Text by Marcel Such
Birding the Nature Conservancy’s Medano-Zapata Ranch – by Renee Haip
Each year, bird enthusiasts from across Colorado and beyond convene for a long weekend of early mornings, late nights, and lots of birds. This past weekend we met in the San Luis Valley for this annual Colorado Field Ornithologists’ convention. There are lots of activities from field trips to presentations, as well as an evening banquet. Below is a daily summary of the convention events that we attended.
[Day 1] Friday, May 22, 2009
While some people took arrival trips to the convention, we birded through the car windows at 65 MPH between Lyons and Alamosa to arrive in time for the evening activities. The main event was “Stump the Chumps,” where the moderator (Mark Peterson this year) projects photos of generally hard to identify birds – or parts of birds or just a nest with eggs – onto a screen. A panel of bird ID experts (the “chumps”) attempt to identify the bird(s). At the last minute, Joel and I were both asked to join Peter Gent and Ted Floyd on the chumps panel. It was tons of fun!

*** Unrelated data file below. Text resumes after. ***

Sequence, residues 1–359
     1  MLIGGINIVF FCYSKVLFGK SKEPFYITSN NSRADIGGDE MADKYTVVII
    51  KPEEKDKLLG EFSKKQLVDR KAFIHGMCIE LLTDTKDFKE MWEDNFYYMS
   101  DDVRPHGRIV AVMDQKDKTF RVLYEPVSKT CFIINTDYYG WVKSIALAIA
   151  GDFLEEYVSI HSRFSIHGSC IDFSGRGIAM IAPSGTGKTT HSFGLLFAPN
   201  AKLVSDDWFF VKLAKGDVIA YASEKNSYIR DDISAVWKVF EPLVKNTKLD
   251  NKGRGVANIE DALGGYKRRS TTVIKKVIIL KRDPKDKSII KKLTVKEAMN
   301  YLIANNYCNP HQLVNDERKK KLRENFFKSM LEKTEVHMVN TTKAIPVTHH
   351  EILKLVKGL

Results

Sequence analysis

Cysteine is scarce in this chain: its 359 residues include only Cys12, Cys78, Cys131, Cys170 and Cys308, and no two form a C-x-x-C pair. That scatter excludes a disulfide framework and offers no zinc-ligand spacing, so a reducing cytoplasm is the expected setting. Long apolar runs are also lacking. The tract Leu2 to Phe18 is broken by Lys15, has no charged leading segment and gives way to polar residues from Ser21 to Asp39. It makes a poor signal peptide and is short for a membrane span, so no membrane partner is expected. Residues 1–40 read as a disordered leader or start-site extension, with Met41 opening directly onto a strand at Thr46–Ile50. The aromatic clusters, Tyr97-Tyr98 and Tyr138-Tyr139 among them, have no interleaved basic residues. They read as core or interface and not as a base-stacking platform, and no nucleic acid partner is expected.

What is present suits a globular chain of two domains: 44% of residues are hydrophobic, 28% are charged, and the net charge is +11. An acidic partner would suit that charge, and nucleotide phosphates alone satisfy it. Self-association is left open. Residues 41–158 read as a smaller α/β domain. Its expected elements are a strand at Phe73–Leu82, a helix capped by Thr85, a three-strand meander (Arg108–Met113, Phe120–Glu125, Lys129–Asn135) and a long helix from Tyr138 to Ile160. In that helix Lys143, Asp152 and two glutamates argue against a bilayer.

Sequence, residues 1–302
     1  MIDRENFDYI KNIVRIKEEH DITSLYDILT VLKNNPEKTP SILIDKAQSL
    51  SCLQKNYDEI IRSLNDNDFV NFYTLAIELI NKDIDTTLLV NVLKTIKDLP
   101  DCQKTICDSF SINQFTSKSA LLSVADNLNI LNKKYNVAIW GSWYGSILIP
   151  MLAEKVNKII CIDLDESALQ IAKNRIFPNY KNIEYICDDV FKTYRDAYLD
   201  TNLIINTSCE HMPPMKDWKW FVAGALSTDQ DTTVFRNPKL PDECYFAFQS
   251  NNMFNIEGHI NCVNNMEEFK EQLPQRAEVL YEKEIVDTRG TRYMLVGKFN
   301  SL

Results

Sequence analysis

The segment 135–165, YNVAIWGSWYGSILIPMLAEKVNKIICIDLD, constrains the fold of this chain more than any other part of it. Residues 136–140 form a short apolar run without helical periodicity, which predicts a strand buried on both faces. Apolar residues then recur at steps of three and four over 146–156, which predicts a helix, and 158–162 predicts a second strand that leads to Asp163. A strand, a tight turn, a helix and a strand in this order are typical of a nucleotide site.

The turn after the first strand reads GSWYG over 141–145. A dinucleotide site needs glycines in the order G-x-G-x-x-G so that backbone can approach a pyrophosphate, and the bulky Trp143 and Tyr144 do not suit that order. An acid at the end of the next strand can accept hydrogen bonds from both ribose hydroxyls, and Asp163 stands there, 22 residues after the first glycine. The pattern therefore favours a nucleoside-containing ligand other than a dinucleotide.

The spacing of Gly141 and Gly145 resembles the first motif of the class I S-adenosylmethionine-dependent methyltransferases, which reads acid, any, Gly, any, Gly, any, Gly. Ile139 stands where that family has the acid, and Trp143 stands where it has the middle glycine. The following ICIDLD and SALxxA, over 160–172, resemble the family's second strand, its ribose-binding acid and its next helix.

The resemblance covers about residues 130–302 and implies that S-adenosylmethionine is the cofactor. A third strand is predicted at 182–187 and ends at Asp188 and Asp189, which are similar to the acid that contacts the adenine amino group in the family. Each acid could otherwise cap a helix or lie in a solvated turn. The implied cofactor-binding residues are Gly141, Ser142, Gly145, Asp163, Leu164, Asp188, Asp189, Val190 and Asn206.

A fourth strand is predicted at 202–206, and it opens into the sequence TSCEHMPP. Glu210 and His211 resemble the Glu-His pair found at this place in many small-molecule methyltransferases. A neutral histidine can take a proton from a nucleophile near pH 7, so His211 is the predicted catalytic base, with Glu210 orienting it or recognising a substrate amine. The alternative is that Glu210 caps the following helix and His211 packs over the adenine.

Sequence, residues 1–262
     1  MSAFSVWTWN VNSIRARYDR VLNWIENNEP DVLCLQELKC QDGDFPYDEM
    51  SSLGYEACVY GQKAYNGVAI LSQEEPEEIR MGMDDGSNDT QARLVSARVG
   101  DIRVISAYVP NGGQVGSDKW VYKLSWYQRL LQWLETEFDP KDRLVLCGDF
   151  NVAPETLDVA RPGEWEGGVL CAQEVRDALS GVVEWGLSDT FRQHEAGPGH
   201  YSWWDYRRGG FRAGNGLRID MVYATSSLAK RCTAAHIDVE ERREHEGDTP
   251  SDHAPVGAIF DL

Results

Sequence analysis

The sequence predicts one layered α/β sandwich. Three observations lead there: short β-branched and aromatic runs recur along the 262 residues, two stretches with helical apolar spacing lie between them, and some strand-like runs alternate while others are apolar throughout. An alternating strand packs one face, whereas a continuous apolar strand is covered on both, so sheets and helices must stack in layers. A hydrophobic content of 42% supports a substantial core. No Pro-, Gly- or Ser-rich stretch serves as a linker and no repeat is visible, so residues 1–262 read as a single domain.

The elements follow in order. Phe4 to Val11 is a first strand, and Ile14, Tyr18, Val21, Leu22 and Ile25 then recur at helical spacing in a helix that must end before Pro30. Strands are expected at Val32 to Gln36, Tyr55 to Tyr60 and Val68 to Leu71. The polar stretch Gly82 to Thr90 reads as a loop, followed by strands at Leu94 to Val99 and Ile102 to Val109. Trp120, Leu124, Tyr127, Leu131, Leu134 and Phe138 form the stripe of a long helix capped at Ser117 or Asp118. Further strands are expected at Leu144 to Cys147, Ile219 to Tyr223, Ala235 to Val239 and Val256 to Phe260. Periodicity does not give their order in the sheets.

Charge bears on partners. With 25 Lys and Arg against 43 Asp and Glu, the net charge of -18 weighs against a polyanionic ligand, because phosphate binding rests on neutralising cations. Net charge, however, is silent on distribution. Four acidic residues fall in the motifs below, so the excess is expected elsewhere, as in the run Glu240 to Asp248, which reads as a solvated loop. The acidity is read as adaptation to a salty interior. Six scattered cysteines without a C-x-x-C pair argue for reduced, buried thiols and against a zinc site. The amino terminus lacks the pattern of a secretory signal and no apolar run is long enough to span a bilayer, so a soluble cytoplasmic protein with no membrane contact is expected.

[Day 2] Saturday, May 23, 2009
Bison at Medano-Zapata Ranch – by Renee Haip
We went on a field trip with Bill Schmoker and Ted Floyd to the Nature Conservancy’s approximately 40,000 acre Medano-Zapata Ranch, a working bison ranch, just south of the Great Sand Dunes National Park. There were lots of neat birds around! Among the rarities found were a male Northern Parula, a male Rose-breasted Grosbeak, and a Least Flycatcher. Joel found an active Yellow Warbler nest, as well as six Evening Grosbeaks … not particularly rare, but an unexpected surprise. Also found were Sage Sparrows and Sage Thrashers out on the sage-covered rangeland, and a Great Horned Owl sitting on a nest with young owlets. In the mid-afternoon, I went back to the hotel to listen to presentations, while Joel and most of the group continued to bird at San Luis Lakes State Park.
Great Plains Toad, San Luis Lakes – by Joel Such
[Day 3] Sunday, May 24, 2009
Blanca Wetlands – by Renee Haip
Today we went on Nathan Pieplow’s field trip to the Blanca Wetlands. Home to Colorado’s largest breeding Snowy Plover population, numbering in the hundreds, the Blanca Wetlands is closed six months out of the year to protect the breeding water birds. Normally closed to the public at this time of year, this trip was definitely a treat for us. Our group found many of the expected birds. We also found a White-rumped Sandpiper, which is very rare for the San Luis Valley and was the only lifer Joel and I got the whole weekend. Our cousin Victor, on the other hand, racked up the largest number of lifers of anyone at the convention … listing 48 new species!
American Avocet, Blanca Wetlands – by Joel Such